Austin, TX (Law Firm Newswire) February 17, 2017 – If a worker is injured on a jobsite in Texas and files a lawsuit, what happens to a claim for compensation?
In Texas, companies may choose to opt in or to opt out of providing workers’ compensation. If a worker’s employer has chosen to opt in and that individual is hurt on the job, they cannot sue the employer. If the employer has chosen to opt out and there is a workplace accident, the injured worker may file a personal injury claim. Additionally, if a worker is killed, the family of the decedent may file a wrongful death claim.
“In Texas, we have what is referred to as an exclusive remedy system if the employer has opted into workers’ compensation,” pointed out work injury attorney Brooks Schuelke, “you cannot, in most cases, file a work injury lawsuit against the employer and a workers’ compensation claim.”
But an employer having workers compensation insurance does not mean that a worker cannot file a lawsuit. While the worker cannot sue the employer, they can often sue third parties who cause a worker's injuries.
“In order to file against a third party, the plaintiff must show that the named party was negligent and that the negligence was the direct cause of any injuries sustained,” said Schuelke. “There are a number of examples of these types of suits that our office has handled. For example, many employees are injured in car wrecks while on the job. If the employer has workers’ compensation insurance, the employee is entitled to recover workers’ compensation benefits from the employer and file a lawsuit against the third party who caused the wreck.”
For construction injuries, it is common for an employee to be injured by another subcontractor or the general contractor. In that instance, when the employer has worker’s compensation insurance, the injured employee cannot sue the employer but usually can sue the contractor who caused the injuries.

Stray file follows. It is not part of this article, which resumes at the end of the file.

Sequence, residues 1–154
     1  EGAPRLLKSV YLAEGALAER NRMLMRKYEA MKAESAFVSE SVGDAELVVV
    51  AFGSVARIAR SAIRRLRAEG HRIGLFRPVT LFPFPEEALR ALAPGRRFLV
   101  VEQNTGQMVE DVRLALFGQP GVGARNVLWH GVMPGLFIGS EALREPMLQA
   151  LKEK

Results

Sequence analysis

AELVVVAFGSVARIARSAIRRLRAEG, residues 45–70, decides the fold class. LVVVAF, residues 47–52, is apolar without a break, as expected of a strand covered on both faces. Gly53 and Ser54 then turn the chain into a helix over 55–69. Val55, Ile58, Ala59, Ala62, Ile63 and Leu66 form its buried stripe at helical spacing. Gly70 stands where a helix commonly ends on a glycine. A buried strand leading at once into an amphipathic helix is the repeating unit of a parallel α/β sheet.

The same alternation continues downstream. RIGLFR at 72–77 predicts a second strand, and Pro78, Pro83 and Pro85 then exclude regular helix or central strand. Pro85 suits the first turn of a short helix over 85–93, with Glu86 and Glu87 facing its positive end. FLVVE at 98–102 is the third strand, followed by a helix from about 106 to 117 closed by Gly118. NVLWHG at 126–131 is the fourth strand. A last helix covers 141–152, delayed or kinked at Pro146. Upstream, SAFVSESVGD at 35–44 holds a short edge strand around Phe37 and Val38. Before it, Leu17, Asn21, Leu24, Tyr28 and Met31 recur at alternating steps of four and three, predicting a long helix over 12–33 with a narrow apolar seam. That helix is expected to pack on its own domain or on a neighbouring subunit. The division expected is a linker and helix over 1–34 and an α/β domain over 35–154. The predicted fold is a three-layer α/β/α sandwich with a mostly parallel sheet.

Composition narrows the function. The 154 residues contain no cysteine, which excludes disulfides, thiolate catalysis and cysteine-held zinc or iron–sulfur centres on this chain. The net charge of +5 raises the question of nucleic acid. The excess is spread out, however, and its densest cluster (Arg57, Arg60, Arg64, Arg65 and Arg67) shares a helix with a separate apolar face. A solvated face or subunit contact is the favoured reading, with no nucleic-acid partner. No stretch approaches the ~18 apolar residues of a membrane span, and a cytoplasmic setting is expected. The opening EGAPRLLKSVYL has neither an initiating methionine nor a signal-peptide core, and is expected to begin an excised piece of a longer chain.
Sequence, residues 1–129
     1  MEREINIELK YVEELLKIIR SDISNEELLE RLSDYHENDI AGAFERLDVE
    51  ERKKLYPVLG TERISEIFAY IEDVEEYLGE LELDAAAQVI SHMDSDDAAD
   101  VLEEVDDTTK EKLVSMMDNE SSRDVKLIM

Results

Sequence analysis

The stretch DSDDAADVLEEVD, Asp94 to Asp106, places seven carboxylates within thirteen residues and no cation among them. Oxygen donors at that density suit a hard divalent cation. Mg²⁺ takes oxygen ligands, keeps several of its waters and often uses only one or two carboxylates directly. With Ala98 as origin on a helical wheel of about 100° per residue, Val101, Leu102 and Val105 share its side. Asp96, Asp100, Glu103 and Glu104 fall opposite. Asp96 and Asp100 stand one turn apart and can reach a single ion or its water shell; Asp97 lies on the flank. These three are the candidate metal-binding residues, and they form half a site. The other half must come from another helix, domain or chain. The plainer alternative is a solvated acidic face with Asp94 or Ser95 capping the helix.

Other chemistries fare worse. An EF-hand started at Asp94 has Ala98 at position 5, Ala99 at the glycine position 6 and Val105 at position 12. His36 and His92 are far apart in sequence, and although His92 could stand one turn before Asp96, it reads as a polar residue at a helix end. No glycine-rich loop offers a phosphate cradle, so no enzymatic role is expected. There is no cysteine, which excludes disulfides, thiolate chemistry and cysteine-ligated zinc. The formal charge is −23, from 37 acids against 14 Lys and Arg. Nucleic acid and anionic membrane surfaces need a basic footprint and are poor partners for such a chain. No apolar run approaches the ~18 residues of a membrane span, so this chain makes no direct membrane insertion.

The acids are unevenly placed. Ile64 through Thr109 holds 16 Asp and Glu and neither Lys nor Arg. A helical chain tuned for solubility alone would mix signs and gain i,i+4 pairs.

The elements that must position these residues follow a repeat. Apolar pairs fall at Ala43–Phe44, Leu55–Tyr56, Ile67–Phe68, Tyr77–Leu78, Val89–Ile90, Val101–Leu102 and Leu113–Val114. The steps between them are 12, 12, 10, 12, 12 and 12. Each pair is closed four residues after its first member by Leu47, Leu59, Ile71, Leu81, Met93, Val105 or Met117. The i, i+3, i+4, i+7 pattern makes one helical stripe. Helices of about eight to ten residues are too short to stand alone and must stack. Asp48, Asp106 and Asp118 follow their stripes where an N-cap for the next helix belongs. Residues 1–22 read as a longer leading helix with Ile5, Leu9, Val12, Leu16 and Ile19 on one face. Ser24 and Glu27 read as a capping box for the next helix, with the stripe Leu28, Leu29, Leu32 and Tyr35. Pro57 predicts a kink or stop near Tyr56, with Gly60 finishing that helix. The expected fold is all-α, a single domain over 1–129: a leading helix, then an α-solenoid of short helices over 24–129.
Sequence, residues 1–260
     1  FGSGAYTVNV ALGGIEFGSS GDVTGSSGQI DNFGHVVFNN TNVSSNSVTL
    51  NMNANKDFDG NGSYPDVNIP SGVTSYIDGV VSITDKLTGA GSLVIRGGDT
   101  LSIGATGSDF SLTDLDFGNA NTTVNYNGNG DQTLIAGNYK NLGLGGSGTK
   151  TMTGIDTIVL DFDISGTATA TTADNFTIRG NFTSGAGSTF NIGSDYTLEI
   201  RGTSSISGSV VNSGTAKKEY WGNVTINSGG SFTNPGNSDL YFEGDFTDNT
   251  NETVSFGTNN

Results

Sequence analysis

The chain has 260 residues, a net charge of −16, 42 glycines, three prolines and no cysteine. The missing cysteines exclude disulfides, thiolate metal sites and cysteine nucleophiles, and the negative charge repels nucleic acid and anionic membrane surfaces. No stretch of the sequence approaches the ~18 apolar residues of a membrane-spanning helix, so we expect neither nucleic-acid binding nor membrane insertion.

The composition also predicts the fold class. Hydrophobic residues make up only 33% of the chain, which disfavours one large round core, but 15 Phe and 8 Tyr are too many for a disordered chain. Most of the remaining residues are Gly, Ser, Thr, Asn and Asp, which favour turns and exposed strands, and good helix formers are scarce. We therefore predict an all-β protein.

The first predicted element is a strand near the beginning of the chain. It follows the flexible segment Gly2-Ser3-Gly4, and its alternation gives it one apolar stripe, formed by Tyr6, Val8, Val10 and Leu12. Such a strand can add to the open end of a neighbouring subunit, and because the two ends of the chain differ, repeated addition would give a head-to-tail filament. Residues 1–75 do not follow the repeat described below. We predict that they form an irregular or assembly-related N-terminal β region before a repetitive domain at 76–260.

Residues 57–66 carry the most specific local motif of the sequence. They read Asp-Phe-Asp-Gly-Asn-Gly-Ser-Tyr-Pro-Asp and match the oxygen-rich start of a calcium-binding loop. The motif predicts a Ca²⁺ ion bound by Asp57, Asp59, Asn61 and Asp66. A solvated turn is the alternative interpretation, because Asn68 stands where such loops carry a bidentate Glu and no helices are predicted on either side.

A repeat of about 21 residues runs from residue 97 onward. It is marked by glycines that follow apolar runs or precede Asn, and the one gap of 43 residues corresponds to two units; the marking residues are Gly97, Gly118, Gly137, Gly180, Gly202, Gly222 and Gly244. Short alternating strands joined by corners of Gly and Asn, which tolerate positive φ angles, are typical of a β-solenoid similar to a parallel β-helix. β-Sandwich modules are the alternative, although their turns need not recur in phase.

In these instances where a third party can be sued, if there is recovery in a lawsuit, the injured plaintiff is required to pay workers’ compensation benefits back because there is double compensation for the same benefits (wage loss, medical costs). The law frowns on a plaintiff being paid twice for the same losses. However, there are complicated rules about how much the workers’ compensation insurance company must be paid back.
A third tricky situation in work injuries is determining whether the employer has a true worker’s compensation insurance policy. Many employers tell their workers the employers have worker’s compensation, but the policies are not official policies approved by the state of Texas. In those cases, the employee is still able to sue his or her employer.
“For anyone in a difficult situation such as this one, we highly recommend seeking competent legal counsel and discover what your options are for filing a work injury lawsuit and/or an injury claim,” added Schuelke.
Perlmutter & Schuelke, PLLC
206 East 9th Street, Ste. 1511
Austin, TX 78701
Call (512) 476-4944
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